Evolution and Eden: Integrating Genesis with Fossil Records

Friday, June 08, 2007

Lies, Politictis, the War and the Media.

Lies, Sighs and Politics

by Paul Krugman

In Tuesday’s Republican presidential debate, Mitt Romney completely misrepresented how we ended up in Iraq. Later, Mike Huckabee mistakenly claimed that it was Ronald Reagan’s birthday.

Guess which remark The Washington Post identified as the “gaffe of the night”?

Folks, this is serious. If early campaign reporting is any guide, the bad media habits that helped install the worst president ever in the White House haven’t changed a bit.

You may not remember the presidential debate of Oct. 3, 2000, or how it was covered, but you should. It was one of the worst moments in an election marked by news media failure as serious, in its way, as the later failure to question Bush administration claims about Iraq.

Throughout that debate, George W. Bush made blatantly misleading statements, including some outright lies — for example, when he declared of his tax cut that “the vast majority of the help goes to the people at the bottom end of the economic ladder.” That should have told us, right then and there, that he was not a man to be trusted.

But few news reports pointed out the lie. Instead, many news analysts chose to critique the candidates’ acting skills. Al Gore was declared the loser because he sighed and rolled his eyes — failing to conceal his justified disgust at Mr. Bush’s dishonesty. And that’s how Mr. Bush got within chad-and-butterfly range of the presidency.

Now fast forward to last Tuesday. Asked whether we should have invaded Iraq, Mr. Romney said that war could only have been avoided if Saddam “had opened up his country to I.A.E.A. inspectors, and they’d come in and they’d found that there were no weapons of mass destruction.” He dismissed this as an “unreasonable hypothetical.”

Except that Saddam did, in fact, allow inspectors in. Remember Hans Blix? When those inspectors failed to find nonexistent W.M.D., Mr. Bush ordered them out so that he could invade. Mr. Romney’s remark should have been the central story in news reports about Tuesday’s debate. But it wasn’t.

There wasn’t anything comparable to Mr. Romney’s rewritten history in the Democratic debate two days earlier, which was altogether on a higher plane. Still, someone should have called Hillary Clinton on her declaration that on health care, “we’re all talking pretty much about the same things.” While the other two leading candidates have come out with plans for universal (John Edwards) or near-universal (Barack Obama) health coverage, Mrs. Clinton has so far evaded the issue. But again, this went unmentioned in most reports.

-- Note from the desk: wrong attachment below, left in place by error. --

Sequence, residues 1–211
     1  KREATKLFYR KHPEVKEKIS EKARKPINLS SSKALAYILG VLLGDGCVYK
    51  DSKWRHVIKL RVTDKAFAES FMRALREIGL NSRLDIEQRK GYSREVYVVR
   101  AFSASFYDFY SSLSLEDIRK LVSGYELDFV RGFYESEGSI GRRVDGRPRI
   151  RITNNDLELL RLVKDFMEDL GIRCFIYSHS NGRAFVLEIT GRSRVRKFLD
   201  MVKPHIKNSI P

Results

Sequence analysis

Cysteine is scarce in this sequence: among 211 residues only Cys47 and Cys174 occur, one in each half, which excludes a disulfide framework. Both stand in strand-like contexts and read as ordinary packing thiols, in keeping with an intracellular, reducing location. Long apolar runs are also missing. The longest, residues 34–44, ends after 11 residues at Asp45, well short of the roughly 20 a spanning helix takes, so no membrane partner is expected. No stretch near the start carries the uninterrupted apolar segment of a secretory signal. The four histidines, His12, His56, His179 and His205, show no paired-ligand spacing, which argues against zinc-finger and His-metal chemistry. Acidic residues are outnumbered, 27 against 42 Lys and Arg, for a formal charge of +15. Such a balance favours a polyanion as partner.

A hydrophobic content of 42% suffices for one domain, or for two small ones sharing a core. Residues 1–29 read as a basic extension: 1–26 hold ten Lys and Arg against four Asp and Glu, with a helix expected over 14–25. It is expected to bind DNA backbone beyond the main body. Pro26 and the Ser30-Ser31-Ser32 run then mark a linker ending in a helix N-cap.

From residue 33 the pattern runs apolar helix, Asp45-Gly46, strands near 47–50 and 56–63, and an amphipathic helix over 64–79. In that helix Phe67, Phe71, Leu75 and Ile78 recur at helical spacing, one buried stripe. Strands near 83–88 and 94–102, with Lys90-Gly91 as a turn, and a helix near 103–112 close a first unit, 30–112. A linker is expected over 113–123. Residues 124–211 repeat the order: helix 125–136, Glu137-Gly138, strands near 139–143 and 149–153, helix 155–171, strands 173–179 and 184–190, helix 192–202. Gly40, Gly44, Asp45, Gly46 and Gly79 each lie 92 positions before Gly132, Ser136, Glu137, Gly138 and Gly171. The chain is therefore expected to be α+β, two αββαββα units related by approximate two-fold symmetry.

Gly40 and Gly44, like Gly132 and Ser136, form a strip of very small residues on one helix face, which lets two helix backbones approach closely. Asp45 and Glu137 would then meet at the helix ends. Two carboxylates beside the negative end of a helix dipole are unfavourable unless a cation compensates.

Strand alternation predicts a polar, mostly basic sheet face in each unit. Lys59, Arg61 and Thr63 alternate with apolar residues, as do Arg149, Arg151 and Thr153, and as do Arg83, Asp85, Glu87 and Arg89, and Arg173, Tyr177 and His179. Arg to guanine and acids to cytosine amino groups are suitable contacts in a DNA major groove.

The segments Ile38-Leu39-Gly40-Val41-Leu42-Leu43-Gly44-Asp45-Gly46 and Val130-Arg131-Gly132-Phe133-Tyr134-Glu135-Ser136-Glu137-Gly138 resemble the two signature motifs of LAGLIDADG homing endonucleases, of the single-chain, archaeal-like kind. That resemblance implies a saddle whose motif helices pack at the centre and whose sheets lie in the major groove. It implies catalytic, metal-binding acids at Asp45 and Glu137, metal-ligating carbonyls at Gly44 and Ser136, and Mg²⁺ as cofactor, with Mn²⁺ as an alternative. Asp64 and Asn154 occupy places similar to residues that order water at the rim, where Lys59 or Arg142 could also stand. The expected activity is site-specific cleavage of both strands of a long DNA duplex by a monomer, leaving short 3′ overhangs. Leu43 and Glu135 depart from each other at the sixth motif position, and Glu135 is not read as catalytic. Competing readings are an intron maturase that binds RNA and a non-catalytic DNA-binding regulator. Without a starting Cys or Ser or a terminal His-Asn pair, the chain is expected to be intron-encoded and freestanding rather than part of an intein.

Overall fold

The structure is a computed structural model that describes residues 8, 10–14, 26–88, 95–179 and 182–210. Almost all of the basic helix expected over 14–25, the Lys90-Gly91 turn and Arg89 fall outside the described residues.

By the way, one reason I want health care specifics from Mrs. Clinton is that she’s received large contributions from the pharmaceutical and insurance industries. Will that deter her from taking those industries on?

Back to the debate coverage: as far as I can tell, no major news organization did any fact-checking of either debate. And post-debate analyses tended to be horse-race stuff mingled with theater criticism: assessments not of what the candidates said, but of how they “came across.”

Thus most analysts declared Mrs. Clinton the winner in her debate, because she did the best job of delivering sound bites — including her Bush-talking-point declaration that we’re safer now than we were on 9/11, a claim her advisers later tried to explain away as not meaning what it seemed to mean.

Similarly, many analysts gave the G.O.P. debate to Rudy Giuliani not because he made sense — he didn’t — but because he sounded tough saying things like, “It’s unthinkable that you would leave Saddam Hussein in charge of Iraq and be able to fight the war on terror.” (Why?)

Look, debates involving 10 people are, inevitably, short on extended discussion. But news organizations should fight the shallowness of the format by providing the facts — not embrace it by reporting on a presidential race as if it were a high-school popularity contest.

For if there’s one thing I hope we’ve learned from the calamity of the last six and a half years, it’s that it matters who becomes president — and that listening to what candidates say about substantive issues offers a much better way to judge potential presidents than superficial character judgments. Mr. Bush’s tax lies, not his surface amiability, were the true guide to how he would govern.

And I don’t know if this country can survive another four years of Bush-quality leadership.

Paul Krugman is Professor of Economics at Princeton University and a regular New York Times columnist. His most recent book is The Great Unraveling: Losing Our Way in the New Century.

© 2007 The New York Times

Tuesday, June 05, 2007

40th Anniversay of the Six Day War, 1967, the war that changed the Middle East and us ever since.

We haven't learned all we should about Israel

June 5, 2007

Forty years ago today, in one of the most stunning developments of the last half-century, Israel pulled off the ultimate in go-for-broke gambles. On the morning of June 5, 1967, it sent all but 12 of its 200 air force planes on a surprise attack on Egypt's air force, knowing if those planes were detected and destroyed, the Israeli homeland would be vulnerable in the extreme to the combined Arab air forces. They weren't and it wasn't, and the Six Day War was written into history.